Visual Studio Team System Class Notes
Date Published: 29 June 2005
I’m taking a VSTS class this week at Microsoft in Columbus, Ohio. The course is being taught by Chris Menegay, a Microsoft Regional Director and principal consultant with Notion Solutions, Inc. Chris developed the course material and works closely with the VSTS team, and seems to really know VSTS. I took some notes today but I figured they’d be more useful in electronic format, and I figured while I was doing that I may as well just blog it. Note that this is not at all indicative of what Chris focused on or taught today, but is instead just some things I found interesting and worth noting.
VSTS– A software life cycle tool (not a coding tool)
– One of main goals is to increase visibility and transparency of software development
– Visual Studio Professional will inherit many of the features today held by VS Enterprise Architect, since there will be no ent arch sku in the 2005 VS release.
Team Foundation Server
– Designed to have only one per network (not clusterable)
– Should scale to about 500 users
– Underlying architecture is ASP.NET, Web Services, and SQL Server
Process Templates– Define a lot of the behavior/rules of VSTS
– XML format
– VSTS ships with two out of the box\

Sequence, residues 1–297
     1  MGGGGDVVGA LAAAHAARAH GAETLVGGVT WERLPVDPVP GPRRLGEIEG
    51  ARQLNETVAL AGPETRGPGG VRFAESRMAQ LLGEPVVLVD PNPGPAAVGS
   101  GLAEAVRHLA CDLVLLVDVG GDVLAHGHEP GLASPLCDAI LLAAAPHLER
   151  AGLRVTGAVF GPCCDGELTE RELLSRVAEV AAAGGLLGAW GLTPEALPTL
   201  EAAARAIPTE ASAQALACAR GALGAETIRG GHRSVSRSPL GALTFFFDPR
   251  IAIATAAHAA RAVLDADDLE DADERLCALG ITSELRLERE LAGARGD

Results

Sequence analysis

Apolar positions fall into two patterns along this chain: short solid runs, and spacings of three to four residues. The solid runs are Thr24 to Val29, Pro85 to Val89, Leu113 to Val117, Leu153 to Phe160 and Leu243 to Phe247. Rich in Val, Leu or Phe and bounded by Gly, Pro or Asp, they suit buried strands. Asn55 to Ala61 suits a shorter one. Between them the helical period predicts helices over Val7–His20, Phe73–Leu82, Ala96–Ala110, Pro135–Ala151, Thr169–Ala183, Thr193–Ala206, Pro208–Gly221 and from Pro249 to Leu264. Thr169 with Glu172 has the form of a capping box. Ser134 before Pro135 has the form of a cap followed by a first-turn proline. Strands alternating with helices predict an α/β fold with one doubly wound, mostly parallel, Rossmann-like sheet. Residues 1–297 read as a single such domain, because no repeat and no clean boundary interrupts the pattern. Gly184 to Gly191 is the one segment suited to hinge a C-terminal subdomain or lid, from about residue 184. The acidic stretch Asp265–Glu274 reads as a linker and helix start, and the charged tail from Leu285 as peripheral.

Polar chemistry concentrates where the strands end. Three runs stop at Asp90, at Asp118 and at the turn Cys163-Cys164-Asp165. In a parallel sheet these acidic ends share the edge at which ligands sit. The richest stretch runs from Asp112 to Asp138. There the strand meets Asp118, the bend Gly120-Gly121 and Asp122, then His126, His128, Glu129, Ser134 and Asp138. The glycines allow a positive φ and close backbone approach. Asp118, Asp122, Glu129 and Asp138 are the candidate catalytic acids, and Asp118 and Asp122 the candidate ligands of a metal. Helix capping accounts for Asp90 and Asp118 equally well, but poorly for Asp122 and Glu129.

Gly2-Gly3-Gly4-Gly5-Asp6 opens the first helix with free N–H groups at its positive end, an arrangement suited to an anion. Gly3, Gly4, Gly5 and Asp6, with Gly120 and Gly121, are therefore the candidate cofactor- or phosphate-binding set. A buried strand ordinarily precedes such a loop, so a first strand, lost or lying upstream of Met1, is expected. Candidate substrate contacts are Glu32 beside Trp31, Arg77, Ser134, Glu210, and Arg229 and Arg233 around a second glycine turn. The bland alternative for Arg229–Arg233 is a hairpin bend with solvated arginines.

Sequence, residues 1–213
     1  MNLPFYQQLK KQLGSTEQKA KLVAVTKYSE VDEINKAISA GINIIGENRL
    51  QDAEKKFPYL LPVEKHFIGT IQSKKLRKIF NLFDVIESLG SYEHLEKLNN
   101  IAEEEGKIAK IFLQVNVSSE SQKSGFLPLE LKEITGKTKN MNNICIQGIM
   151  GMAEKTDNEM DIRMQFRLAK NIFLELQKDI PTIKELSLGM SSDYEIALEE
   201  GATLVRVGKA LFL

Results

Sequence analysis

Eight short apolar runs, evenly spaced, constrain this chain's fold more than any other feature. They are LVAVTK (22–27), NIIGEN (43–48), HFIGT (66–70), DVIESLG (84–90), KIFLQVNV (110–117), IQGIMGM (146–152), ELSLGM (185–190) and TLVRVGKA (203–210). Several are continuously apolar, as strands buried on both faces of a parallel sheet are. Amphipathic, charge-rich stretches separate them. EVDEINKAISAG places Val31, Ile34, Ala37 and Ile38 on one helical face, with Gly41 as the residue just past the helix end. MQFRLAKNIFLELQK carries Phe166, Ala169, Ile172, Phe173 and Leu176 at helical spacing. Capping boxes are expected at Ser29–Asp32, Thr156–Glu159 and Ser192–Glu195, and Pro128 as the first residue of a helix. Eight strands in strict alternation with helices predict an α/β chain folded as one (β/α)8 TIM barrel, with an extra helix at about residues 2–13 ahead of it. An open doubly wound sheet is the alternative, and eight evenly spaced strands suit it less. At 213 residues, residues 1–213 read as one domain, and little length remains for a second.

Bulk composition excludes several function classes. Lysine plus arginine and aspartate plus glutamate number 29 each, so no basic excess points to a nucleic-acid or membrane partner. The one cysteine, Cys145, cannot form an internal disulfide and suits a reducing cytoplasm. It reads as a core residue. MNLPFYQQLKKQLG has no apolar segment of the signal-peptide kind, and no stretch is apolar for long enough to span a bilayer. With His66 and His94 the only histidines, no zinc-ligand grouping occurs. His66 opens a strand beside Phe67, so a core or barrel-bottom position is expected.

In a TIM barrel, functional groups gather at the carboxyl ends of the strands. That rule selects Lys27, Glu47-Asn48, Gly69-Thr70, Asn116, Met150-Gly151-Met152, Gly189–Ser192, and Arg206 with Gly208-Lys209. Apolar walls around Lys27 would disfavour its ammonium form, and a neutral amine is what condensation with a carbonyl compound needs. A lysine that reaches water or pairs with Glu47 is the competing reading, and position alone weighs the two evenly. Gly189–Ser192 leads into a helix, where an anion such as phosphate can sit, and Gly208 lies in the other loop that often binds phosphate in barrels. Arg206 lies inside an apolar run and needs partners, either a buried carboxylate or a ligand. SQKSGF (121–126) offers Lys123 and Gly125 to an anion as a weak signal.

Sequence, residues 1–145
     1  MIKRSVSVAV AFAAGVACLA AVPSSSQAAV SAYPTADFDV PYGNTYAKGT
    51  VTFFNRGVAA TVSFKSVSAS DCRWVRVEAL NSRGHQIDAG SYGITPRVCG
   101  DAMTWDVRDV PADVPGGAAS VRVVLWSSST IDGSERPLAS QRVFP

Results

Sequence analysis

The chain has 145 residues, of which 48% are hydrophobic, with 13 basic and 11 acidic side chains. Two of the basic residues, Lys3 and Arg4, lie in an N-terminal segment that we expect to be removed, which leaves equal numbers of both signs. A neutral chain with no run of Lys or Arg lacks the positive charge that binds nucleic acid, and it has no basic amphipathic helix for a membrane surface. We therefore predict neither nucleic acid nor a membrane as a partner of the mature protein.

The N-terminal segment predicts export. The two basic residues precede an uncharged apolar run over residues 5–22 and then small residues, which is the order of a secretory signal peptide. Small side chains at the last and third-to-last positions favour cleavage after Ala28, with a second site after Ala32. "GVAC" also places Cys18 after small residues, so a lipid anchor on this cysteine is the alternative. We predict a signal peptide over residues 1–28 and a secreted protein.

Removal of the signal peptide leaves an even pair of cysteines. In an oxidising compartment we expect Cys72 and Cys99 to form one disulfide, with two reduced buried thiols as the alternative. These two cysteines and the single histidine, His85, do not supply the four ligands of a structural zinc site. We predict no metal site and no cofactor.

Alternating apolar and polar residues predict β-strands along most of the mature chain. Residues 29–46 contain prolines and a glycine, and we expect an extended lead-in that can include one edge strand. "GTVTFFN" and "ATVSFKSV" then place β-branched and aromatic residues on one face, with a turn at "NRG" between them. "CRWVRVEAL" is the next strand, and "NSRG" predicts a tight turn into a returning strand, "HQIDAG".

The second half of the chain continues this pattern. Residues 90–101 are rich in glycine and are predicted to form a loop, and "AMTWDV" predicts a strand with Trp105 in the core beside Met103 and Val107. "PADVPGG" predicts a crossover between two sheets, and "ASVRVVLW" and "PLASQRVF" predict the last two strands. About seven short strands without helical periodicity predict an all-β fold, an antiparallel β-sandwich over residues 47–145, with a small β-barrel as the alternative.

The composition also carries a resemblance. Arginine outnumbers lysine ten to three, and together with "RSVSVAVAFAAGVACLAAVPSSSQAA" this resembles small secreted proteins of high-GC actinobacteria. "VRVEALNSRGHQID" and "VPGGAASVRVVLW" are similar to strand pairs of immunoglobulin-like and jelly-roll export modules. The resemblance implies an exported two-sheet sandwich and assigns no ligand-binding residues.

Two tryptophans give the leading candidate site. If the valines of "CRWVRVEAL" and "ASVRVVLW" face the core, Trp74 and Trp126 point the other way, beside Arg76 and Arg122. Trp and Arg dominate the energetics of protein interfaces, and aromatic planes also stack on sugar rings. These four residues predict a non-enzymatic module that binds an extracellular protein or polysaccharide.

- MSF Agile — “evolve and adapt” — lightweight\
- MSF CMMI — “plan and optimize” — formal and measurable (CMMI = Capability Maturity Model Integration, whatever that means)
Class Diagram Features (not really VSTS, but cool)
– No synchronization between model and code required; no metadata stored. The data representation is code.
– Think of the class diagram as a rendering engine for your code.
– Limitations — you can only edit class files in your project, and features like ‘Show Derived Classes’ will only show classes in your project (this is a good thing – consider if you used this feature on a framework base class like, System.Object, if its scoped wasn’t so limited)
We did some labs with whitehorse diagrams and such but that doesn’t really excite me very much. Tomorrow I think we’ll get into the testing and stress testing features, and later the build management features, which are what I’m particularly interested in at the moment. If I have time I’ll blog about those as well.
Oh, and read Rob Caron’s blog if you want more info on VSTS.
Steve is an experienced software architect and trainer, focusing on code quality and Domain-Driven Design with .NET.